(comptime x) Evals x at compile time and returns the result. Similar to a top level unquote.
(cond & pairs) Evaluates conditions sequentially until the first true condition is found, and then executes the corresponding body. If there are an odd number of forms, the last expression is executed if no forms are matched. If there are no matches, return nil.
(coro & body) A wrapper for making fibers. Same as (fiber/new (fn  ;body) :yi).
(count pred ind) Count the number of items in ind for which (pred item) is true.
(debug &opt x) Throws a debug signal that can be caught by a parent fiber and used to inspect the running state of the current fiber. Returns the value passed in by resume.
(debug/arg-stack fiber) Gets all values currently on the fiber's argument stack. Normally, this should be empty unless the fiber signals while pushing arguments to make a function call. Returns a new array.
(debug/break source byte-offset) Sets a breakpoint with source a key at a given line and column. Will throw an error if the breakpoint location cannot be found. For example (debug/break "core.janet" 1000) wil set a breakpoint at the 1000th byte of the file core.janet.
(debug/fbreak fun &opt pc) Set a breakpoint in a given function. pc is an optional offset, which is in bytecode instructions. fun is a function value. Will throw an error if the offset is too large or negative.
(debug/lineage fib) Returns an array of all child fibers from a root fiber. This function is useful when a fiber signals or errors to an ancestor fiber. Using this function, the fiber handling the error can see which fiber raised the signal. This function should be used mostly for debugging purposes.
(debug/stack fib) Gets information about the stack as an array of tables. Each table in the array contains information about a stack frame. The top most, current stack frame is the first table in the array, and the bottom most stack frame is the last value. Each stack frame contains some of the following attributes: :c - true if the stack frame is a c function invocation :column - the current source column of the stack frame :function - the function that the stack frame represents :line - the current source line of the stack frame :name - the human friendly name of the function :pc - integer indicating the location of the program counter :source - string with the file path or other identifier for the source code :slots - array of all values in each slot :tail - boolean indicating a tail call
(debug/stacktrace fiber err) Prints a nice looking stacktrace for a fiber. The error message err must be passed to the function as fiber's do not keep track of the last error they have thrown. Returns the fiber.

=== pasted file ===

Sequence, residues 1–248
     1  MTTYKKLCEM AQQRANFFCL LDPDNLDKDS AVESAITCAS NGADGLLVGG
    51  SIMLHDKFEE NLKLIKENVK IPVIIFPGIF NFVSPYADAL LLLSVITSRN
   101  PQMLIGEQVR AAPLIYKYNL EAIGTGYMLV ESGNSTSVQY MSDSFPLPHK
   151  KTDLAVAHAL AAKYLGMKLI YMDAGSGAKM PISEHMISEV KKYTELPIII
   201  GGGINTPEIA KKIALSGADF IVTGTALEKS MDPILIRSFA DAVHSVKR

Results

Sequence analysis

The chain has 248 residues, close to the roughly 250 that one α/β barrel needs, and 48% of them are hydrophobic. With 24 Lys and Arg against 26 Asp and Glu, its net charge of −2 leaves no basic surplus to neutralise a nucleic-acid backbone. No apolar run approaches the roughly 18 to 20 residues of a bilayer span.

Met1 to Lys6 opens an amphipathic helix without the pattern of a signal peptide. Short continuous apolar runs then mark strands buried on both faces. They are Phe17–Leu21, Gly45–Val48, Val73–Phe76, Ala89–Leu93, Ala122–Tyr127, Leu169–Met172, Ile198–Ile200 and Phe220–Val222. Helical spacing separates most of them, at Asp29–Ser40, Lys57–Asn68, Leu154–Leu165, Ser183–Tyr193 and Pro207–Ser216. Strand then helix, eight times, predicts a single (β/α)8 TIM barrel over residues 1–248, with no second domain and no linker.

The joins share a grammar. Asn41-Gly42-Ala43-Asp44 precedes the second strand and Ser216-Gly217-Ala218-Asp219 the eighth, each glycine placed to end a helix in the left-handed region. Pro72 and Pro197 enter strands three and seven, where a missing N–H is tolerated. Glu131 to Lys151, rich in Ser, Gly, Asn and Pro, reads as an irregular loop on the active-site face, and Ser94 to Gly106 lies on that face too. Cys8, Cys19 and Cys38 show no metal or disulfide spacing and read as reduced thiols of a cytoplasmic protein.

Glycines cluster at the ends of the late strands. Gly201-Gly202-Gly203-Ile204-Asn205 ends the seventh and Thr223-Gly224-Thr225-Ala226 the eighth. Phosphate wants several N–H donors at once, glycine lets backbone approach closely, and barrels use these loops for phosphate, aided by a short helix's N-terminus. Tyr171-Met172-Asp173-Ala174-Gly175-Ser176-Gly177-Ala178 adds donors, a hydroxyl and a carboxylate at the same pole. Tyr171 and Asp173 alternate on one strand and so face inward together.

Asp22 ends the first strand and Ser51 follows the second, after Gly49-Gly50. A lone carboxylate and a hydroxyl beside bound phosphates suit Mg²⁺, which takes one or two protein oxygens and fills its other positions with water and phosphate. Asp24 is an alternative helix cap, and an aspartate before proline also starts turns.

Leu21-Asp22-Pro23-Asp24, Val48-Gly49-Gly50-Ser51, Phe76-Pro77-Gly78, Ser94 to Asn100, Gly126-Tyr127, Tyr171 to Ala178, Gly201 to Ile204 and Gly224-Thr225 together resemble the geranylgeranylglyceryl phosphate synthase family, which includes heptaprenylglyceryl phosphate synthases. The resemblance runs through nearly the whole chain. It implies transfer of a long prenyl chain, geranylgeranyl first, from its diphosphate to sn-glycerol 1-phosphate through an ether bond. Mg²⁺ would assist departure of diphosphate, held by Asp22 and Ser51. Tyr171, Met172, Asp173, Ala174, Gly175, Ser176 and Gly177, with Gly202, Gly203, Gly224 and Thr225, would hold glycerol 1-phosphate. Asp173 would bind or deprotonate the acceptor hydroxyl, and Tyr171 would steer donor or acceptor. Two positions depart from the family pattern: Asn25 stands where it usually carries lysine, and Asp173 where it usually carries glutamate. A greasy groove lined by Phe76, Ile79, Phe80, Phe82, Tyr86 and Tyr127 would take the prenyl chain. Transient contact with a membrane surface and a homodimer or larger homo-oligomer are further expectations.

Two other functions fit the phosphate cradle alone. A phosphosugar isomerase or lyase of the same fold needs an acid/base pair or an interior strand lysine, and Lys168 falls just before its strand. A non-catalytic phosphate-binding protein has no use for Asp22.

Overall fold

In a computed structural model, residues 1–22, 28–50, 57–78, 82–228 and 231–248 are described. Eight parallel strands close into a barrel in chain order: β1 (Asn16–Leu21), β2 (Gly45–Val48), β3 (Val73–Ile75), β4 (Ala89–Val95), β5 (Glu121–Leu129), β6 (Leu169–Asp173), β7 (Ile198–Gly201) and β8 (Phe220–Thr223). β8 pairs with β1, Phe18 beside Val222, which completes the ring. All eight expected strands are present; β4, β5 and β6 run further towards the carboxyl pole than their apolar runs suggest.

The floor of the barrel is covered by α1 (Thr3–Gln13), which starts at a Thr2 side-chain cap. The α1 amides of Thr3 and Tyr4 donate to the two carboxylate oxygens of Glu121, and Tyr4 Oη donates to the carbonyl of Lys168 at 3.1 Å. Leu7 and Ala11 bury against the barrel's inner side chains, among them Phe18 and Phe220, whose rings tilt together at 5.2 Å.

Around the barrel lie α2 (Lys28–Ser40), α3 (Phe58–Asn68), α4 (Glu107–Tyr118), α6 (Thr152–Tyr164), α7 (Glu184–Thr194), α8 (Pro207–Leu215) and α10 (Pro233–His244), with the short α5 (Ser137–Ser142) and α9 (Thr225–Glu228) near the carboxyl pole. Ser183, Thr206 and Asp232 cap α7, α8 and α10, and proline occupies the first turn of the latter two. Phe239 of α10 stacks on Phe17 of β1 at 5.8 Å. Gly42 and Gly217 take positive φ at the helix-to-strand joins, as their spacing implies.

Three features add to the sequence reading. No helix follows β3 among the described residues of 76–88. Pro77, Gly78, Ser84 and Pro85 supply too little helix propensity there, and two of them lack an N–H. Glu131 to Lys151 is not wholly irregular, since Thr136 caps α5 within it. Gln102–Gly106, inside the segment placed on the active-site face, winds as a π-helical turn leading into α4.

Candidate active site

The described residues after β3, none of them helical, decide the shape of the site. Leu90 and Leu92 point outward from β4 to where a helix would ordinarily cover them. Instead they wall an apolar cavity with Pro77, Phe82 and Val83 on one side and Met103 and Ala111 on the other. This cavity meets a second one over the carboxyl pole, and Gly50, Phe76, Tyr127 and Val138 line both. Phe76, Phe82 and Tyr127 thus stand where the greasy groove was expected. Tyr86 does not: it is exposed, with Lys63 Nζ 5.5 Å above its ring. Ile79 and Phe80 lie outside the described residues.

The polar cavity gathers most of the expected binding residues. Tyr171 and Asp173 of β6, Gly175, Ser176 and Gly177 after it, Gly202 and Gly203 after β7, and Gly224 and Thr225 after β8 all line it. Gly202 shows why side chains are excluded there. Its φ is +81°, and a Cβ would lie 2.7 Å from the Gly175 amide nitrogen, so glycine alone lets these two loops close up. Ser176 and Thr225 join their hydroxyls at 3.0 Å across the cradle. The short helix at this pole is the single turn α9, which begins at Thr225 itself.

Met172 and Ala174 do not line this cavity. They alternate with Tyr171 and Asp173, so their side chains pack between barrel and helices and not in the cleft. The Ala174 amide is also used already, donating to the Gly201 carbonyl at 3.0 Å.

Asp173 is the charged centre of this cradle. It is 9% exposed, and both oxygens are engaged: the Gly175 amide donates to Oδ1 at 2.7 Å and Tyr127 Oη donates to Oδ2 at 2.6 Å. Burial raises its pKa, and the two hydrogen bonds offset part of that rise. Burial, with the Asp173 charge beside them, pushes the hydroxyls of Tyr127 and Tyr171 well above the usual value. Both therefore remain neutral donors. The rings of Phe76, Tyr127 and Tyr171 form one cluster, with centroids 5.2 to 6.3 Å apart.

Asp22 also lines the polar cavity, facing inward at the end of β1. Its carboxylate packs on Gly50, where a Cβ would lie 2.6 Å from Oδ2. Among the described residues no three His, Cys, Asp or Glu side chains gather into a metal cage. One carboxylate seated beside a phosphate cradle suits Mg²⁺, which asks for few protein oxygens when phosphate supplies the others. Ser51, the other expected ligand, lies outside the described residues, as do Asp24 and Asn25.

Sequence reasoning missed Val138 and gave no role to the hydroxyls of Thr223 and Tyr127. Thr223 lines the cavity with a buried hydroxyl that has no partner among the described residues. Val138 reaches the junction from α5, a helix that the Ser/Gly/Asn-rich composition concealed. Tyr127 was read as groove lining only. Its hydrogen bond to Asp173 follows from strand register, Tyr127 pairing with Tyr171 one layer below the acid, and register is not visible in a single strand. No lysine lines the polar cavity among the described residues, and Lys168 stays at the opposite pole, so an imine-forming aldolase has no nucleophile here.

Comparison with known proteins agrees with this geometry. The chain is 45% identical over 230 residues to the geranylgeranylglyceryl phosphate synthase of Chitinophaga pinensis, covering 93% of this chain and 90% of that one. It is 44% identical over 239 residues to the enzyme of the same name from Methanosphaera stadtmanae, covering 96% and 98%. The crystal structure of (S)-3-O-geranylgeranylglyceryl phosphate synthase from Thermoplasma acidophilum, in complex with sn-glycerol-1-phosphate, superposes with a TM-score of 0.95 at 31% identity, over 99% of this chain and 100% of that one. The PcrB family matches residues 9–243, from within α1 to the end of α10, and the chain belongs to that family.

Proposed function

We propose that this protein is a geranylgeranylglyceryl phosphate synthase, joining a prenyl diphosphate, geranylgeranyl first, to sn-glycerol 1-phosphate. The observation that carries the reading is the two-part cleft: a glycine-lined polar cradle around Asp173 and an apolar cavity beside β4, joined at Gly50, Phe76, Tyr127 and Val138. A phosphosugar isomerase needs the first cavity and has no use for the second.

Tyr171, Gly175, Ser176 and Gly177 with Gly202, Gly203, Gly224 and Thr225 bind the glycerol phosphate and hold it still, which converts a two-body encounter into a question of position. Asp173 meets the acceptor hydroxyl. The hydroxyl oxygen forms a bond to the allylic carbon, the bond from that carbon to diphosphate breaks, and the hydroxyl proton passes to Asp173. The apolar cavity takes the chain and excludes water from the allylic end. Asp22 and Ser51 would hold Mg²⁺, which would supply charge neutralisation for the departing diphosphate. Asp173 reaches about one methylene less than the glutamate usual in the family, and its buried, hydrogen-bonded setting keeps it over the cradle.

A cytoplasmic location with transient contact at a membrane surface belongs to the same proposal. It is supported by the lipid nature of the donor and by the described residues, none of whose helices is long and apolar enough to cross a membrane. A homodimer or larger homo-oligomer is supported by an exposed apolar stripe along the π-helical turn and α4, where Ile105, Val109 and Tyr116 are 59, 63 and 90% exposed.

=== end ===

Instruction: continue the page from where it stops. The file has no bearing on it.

(debug/step fiber &opt x) Run a fiber for one virtual instruction of the Janet machine. Can optionally pass in a value that will be passed as the resuming value. Returns the signal value, which will usually be nil, as breakpoints raise nil signals.
(debug/unbreak source line column) Remove a breakpoint with a source key at a given line and column. Will throw an error if the breakpoint cannot be found.
(debug/unfbreak fun &opt pc) Unset a breakpoint set with debug/fbreak.
(dec x) Returns x - 1.
(deep-not= x y) Like not=, but mutable types (arrays, tables, buffers) are considered equal if they have identical structure. Much slower than not=.
(deep= x y) Like =, but mutable types (arrays, tables, buffers) are considered equal if they have identical structure. Much slower than =.
(def- name & more) Define a private value that will not be exported.
(default sym val) Define a default value for an optional argument. Expands to (def sym (if (= nil sym) val sym))
The default grammar used for pegs. This grammar defines several common patterns that should make it easier to write more complex patterns.
(defer form & body) Run form unconditionally after body, even if the body throws an error. Will also run form if a user signal 0-4 is received.
(defglobal name value) Dynamically create a global def.
(defmacro name & more) Define a macro.
(defmacro- name & more) Define a private macro that will not be exported.
(defn name & more) Define a function. Equivalent to (def name (fn name [args] ...)).
(defn- name & more) Define a private function that will not be exported.
(describe x) Returns a string that is a human readable description of a value x.
(dictionary? x) Check if x a table or struct.
(disasm func) Returns assembly that could be used be compile the given function. func must be a function, not a c function. Will throw on error on a badly typed argument.
(distinct xs) Returns an array of the deduplicated values in xs.
(doc &opt sym) Shows documentation for the given symbol.
(doc* &opt sym) Get the documentation for a symbol in a given environment.
(doc-format text) Reformat text to wrap at a given line.
(dofile path & args) Evaluate a file and return the resulting environment.
(drop n ind) Drop first n elements in an indexed type. Returns new indexed instance.
(drop-until pred ind) Same as (drop-while (complement pred) ind).
(drop-while pred ind) Given a predicate, remove elements from an indexed type that satisfy the predicate, and abort on first failure. Returns a new array.
(dyn key &opt default) Get a dynamic binding. Returns the default value (or nil) if no binding found.
(each x ds & body) Loop over each value in ds. Returns nil.
(eachk x ds & body) loop over each key in ds. returns nil.
(eachp x ds & body) Loop over each (key, value) pair in ds. Returns nil.
(eflush) Flush (dyn :err stderr) if it is a file, otherwise do nothing.
(empty? xs) Check if xs is empty.